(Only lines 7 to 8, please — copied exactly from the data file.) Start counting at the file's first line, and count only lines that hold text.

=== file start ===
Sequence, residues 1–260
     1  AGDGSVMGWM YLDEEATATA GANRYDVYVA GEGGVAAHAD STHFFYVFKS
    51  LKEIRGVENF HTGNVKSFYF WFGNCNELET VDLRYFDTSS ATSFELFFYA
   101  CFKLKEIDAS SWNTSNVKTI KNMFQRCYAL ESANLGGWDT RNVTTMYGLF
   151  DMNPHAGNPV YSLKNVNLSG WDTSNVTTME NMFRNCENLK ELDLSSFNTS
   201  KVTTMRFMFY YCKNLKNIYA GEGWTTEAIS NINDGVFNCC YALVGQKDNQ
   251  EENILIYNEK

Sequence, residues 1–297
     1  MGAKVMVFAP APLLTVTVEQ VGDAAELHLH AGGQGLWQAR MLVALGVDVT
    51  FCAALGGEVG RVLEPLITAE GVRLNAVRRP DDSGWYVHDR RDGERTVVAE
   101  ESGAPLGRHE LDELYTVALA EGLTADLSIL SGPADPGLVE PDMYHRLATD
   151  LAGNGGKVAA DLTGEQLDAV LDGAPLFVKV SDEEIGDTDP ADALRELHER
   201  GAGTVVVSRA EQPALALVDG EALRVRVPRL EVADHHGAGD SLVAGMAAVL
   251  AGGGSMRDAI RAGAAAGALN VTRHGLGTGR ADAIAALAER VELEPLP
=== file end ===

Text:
   251  EENILIYNEK

Sequence, residues 1–297